Why the United States should never pay a ransom

We, not ISIS, must be the punishers.

David Rohde, a Reuters columnist and former New York Times reporter who was kidnapped in Afghanistan—and escaped after the U.S. refused to ransom him from the Taliban—accepts this framework of enemy-imposed consequences. While blaming ISIS for Foley’s death, he writes that the gap between U.S. and European ransom policies “can doom the Americans” held in captivity. The headline over Rohde’s column asks: “Did America’s policy on ransom contribute to James Foley’s killing?” On Wednesday, Foley’s brother said of ISIS’s hostages, “There’s more that can be done. The footprint has been laid by some of the other nations.” That sounds like an appeal for European-style flexibility.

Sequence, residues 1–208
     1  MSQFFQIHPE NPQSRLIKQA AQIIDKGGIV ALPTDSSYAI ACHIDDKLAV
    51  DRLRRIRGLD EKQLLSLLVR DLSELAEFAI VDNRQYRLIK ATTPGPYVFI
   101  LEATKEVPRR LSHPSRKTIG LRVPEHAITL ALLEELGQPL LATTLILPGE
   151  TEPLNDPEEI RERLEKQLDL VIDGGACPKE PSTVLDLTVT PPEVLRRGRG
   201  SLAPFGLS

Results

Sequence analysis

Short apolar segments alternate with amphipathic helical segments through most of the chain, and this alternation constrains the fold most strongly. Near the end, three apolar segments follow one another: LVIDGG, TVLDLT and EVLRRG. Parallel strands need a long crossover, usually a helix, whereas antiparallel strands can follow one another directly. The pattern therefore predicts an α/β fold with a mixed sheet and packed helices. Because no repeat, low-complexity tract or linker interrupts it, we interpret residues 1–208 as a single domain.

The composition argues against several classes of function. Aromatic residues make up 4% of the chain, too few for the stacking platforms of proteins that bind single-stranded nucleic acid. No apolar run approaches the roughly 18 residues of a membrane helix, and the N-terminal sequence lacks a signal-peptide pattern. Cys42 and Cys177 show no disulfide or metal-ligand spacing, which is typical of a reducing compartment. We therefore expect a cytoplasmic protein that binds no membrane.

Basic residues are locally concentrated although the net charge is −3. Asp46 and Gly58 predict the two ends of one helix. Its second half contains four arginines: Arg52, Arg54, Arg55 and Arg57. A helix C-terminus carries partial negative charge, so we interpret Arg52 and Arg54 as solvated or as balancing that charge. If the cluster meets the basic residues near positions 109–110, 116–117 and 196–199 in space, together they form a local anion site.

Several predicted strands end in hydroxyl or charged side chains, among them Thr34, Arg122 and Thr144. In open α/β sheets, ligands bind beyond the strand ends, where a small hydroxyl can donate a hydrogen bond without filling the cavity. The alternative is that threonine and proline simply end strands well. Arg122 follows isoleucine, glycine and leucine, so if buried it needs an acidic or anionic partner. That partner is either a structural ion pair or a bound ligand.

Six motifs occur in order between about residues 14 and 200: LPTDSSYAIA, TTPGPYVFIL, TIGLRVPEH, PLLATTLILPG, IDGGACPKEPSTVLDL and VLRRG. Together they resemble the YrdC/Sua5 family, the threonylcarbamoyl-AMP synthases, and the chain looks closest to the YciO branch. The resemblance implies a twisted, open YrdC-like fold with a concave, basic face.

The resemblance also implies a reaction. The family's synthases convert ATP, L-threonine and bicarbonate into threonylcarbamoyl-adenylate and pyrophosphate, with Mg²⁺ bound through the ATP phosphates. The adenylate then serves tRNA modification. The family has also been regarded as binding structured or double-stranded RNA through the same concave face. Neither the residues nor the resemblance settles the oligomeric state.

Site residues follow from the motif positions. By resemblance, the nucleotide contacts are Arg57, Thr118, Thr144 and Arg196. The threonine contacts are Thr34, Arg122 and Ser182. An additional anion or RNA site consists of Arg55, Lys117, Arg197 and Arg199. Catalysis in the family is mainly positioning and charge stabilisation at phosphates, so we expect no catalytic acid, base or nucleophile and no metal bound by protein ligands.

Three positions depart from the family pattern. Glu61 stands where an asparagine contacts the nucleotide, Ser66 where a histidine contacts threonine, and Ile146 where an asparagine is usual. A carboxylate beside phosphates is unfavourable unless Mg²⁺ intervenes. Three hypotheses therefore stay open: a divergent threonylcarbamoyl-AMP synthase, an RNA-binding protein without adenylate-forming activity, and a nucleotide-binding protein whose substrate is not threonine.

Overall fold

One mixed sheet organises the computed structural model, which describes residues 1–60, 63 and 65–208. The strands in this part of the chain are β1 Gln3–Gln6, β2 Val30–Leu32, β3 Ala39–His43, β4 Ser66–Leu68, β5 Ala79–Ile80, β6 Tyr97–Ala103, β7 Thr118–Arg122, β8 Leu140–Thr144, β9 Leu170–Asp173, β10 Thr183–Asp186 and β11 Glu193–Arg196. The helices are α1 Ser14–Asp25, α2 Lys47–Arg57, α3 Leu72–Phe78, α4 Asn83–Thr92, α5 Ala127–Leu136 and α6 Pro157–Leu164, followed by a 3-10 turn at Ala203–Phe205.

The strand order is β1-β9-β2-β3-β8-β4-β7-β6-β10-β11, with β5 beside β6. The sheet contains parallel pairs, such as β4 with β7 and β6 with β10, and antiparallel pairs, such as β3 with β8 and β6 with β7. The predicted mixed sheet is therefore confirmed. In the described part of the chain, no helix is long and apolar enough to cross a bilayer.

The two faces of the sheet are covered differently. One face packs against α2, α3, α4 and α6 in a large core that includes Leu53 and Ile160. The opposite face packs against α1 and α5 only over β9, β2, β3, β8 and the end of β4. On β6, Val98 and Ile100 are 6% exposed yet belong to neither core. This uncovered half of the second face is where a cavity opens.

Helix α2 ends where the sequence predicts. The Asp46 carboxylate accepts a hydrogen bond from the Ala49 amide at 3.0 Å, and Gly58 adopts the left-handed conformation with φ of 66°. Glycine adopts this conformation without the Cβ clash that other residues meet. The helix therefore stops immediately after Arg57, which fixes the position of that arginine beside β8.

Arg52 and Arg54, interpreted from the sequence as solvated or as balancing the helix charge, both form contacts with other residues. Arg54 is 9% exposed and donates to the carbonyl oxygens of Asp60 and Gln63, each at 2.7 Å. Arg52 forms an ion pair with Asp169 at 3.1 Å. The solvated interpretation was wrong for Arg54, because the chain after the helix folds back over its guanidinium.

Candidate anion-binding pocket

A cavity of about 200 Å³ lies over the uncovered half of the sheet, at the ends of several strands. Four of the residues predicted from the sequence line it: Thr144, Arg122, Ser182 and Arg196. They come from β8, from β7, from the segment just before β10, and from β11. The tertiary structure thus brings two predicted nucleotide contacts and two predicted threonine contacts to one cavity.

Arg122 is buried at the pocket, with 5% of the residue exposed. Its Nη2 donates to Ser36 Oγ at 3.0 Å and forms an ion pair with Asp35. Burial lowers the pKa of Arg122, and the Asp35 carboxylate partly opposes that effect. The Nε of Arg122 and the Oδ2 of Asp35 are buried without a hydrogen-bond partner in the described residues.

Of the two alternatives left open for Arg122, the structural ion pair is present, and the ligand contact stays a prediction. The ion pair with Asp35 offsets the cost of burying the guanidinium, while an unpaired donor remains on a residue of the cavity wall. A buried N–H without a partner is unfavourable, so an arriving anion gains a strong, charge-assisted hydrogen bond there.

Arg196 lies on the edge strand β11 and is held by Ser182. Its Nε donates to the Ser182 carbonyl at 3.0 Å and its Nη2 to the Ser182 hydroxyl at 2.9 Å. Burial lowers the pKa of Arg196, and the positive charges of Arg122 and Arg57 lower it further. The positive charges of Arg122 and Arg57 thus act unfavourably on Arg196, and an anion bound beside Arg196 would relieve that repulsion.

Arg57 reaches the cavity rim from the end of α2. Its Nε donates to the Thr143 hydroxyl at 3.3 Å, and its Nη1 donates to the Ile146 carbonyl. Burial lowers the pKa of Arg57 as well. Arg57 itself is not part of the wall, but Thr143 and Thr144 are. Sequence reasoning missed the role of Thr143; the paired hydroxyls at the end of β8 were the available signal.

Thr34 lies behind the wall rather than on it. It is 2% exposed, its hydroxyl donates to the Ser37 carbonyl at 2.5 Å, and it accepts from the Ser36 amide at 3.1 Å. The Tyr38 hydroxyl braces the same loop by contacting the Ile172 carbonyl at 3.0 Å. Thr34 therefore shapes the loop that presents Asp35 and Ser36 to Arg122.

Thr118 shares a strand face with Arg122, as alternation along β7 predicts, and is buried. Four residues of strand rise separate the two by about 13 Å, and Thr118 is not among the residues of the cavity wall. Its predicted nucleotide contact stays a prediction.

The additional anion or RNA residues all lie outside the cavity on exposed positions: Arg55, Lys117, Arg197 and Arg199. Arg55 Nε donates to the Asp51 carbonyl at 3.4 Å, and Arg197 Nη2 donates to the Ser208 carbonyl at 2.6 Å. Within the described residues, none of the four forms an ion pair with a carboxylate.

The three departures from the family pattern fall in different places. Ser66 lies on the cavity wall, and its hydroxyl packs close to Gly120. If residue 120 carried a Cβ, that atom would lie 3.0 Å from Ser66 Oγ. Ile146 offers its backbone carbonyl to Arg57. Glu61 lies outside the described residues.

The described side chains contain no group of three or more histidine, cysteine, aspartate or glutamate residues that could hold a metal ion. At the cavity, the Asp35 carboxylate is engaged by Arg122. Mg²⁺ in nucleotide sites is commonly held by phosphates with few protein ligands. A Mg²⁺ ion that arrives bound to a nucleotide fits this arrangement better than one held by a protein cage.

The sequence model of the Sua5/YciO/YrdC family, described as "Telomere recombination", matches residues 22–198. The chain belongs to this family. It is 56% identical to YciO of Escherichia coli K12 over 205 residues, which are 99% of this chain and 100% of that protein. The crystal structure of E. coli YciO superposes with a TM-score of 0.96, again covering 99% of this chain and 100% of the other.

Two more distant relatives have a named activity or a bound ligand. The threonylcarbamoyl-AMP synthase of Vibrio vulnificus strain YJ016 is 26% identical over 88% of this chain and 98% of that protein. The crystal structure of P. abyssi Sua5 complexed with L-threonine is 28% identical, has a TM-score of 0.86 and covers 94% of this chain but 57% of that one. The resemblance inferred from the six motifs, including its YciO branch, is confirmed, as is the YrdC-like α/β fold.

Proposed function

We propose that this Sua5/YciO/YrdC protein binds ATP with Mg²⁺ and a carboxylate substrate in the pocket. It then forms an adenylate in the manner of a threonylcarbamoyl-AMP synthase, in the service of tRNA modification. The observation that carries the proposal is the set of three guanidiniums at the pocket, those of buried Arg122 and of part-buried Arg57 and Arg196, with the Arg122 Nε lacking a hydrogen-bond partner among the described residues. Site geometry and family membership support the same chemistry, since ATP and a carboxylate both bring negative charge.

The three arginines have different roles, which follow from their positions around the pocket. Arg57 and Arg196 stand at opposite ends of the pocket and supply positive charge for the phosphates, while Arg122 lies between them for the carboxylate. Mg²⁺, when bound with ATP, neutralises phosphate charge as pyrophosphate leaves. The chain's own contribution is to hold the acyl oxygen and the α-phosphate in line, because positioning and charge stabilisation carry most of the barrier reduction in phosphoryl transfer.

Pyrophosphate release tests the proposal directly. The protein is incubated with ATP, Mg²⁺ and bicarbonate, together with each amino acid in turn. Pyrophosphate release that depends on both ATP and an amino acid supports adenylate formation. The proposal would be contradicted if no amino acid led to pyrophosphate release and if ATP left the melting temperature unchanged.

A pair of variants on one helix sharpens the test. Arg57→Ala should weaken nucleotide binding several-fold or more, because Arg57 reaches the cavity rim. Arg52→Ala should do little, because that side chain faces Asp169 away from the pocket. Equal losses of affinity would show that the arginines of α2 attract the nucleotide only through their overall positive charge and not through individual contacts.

James Traub, writing in Foreign Policy, argues that Obama “has an obligation to consider the consequences of his decisions.” The rationale for bargaining, he notes, is that it’s wrong “to place the life of the abductee in a balance with abstract goods, like ‘sending a message’ that kidnapping doesn’t pay.” Traub adds that “the consequences of capitulation are remote and hypothetical; the life is terribly real.”